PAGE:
KAMPALA, Uganda (AA) – The Ugandan government and ruling party officials have been blamed for intimidating and threatening journalists and activists, weeks before the country heads towards elections, according to a new Human Rights Watch report released Monday.
The report, titled “keep the people uninformed, pre-election threats to free expression and association in Uganda”, documents how some journalists and activists were facing increased threats as elections loom.
It noted that reporting accurately and fairly on all political sides while avoiding the government’s backlash was a difficult and often discouraging battle that limited media freedom and ultimately led to self-censorship among Ugandan journalists, particularly outside Kampala where wages were low and jobs remained scarce.
Addressing journalists in Kampala Monday, the watchdog’s Africa senior researcher, Maria Burnett, noted that press freedom in Uganda was deceptive. While print journalist’s working in English had relatively some freedom, Burnett said: “Radio journalists working in local languages whose listeners are based in rural areas, face harassment and threats from an array of government and party officials”.
The report cited the violators as Uganda Police Force, resident district commissioners who represent the president, internal security officials and the Uganda Communications Commission, the government broadcasting regulator.
“These officials determine what goes on there, the guests who are invited and the issues to be discussed,” Burnett said.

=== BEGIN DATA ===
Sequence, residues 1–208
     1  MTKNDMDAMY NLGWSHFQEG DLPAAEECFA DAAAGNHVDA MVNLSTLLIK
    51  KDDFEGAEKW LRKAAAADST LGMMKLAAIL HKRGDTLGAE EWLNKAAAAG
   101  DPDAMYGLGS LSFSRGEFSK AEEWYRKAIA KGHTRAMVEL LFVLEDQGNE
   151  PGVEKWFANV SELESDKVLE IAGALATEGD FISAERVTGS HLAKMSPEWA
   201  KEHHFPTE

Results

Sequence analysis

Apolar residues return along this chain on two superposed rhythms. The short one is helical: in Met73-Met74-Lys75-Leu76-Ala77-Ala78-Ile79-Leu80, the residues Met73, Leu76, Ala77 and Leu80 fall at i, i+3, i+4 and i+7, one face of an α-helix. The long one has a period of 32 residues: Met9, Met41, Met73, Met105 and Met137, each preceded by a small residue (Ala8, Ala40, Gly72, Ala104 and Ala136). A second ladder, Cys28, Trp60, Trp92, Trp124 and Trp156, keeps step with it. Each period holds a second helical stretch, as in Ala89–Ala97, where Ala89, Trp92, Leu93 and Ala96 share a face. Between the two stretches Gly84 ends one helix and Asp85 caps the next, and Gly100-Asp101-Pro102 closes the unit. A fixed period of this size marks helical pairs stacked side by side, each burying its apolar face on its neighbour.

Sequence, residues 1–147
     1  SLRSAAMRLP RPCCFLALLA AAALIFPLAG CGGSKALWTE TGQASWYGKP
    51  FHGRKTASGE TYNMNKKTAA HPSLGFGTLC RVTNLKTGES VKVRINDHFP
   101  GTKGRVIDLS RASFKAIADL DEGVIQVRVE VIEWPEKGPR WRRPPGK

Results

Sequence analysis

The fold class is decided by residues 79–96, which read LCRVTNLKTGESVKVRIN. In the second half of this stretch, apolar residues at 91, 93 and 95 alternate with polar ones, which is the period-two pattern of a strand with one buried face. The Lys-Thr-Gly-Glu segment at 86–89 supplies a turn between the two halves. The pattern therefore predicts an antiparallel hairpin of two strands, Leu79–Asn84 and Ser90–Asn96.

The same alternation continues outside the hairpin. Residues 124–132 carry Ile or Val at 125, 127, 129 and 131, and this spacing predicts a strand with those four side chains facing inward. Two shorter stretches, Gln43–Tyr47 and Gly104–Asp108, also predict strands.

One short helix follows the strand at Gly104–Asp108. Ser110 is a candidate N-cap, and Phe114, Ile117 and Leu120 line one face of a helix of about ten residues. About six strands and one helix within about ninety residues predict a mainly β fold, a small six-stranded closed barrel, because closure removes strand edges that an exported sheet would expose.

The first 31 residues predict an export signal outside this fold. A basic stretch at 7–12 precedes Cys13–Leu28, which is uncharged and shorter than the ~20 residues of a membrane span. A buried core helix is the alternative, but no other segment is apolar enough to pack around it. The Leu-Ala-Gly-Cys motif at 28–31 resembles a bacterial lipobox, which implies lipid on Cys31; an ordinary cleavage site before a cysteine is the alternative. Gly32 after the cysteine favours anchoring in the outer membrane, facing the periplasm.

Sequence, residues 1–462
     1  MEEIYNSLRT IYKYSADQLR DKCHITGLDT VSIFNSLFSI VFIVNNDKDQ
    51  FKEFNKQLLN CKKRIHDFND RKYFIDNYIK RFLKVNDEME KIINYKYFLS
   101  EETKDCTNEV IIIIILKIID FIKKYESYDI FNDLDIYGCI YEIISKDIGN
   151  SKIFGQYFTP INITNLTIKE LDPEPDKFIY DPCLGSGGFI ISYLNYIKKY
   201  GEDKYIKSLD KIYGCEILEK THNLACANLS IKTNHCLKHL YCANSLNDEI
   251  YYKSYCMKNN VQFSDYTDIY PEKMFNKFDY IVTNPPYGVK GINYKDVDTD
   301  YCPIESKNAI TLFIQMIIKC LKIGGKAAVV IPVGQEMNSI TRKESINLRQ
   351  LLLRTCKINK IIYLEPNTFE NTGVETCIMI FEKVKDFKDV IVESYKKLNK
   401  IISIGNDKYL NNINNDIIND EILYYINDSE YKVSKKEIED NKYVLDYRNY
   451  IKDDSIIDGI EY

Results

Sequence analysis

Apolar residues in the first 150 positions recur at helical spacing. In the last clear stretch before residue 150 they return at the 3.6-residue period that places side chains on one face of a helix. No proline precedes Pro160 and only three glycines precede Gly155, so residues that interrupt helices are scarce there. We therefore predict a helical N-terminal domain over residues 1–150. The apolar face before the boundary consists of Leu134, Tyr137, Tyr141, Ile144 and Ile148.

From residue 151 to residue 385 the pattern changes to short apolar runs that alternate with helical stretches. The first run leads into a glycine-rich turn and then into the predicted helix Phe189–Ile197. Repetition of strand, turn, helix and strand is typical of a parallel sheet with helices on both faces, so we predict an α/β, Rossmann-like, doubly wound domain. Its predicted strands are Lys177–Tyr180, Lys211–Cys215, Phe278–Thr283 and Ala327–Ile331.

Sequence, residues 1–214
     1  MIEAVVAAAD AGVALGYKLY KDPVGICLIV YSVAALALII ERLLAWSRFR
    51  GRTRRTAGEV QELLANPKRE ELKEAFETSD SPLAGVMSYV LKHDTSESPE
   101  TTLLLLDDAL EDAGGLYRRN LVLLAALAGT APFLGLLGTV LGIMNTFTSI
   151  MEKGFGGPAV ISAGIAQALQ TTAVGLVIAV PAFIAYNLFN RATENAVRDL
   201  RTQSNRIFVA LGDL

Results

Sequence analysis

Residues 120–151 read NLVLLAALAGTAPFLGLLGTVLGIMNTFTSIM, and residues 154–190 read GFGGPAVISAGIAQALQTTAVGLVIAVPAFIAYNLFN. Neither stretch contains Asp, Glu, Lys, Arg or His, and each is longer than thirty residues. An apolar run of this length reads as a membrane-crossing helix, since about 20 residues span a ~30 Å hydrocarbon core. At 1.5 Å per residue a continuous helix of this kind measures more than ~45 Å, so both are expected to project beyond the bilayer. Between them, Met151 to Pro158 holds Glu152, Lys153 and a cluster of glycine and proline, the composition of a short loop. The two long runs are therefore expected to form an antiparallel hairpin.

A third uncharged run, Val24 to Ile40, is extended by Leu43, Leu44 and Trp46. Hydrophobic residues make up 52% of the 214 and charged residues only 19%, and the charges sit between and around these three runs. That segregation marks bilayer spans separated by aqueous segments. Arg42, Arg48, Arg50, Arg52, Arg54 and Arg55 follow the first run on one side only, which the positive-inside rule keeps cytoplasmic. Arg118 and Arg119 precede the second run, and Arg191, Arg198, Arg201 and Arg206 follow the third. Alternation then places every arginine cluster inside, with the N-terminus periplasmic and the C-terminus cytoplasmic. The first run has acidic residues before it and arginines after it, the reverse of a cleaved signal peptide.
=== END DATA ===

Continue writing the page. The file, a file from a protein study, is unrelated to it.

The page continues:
According to the watchdog, when guests or radio hosts make any statement deemed critical of the government, “journalists have received phone calls or visits from the government representatives, threatening them with firing [from their jobs] or suspension and closure of their media organization”.
Radio journalists also told Human Rights Watch that party representatives sometimes offered them bribes, trips and trainings in exchange for favorable coverage of the ruling party.
To mitigate the risks of forced closure or loss of government advertising, Burnett noted that radio stations sometimes charged the political opposition figures higher fees for paid slots.
Burnett said that fair elections required a level-playing field in which all candidates could freely campaign and voters could make informed decisions. “How can Uganda hold fair elections if the media and independent groups can’t criticize the ruling party or government leaders without fear?” she asked.
Government spokesman Shaban Bantariza, however, dismissed the report. “How come almost 60 percent of the incumbent members of the ruling party lost elections in the party primaries, if the government intended to keep the citizens uninformed?” Bantariza said.
Bantariza defended the government, saying all it wanted the media to do was inform people of its programs, as much as opposition presidential candidates wanted the public to know about their campaign issues.
He added that any intimidation or threat to the media might be by some party “enthusiasts”, which did not reflect the government’s policy. “We don’t support them, whether they belong to the ruling party, our supporters or not; their comments does not necessarily represent government policy decisions.”
Uganda will hold its presidential and parliamentary elections on Feb. 18 with eight candidates vying for the presidential seat.
The main contenders in the race are President Yoweri Museveni, who has been in power since 1986, as representative of his ruling National Resistance Movement party; Dr. Kiiza Besigye, who has challenged Museveni in the last three elections, will run for the Forum for Democratic Change; while Amama Mbabazi, Museveni’s longtime ally and former premier, will be a candidate for his Go Forward party.
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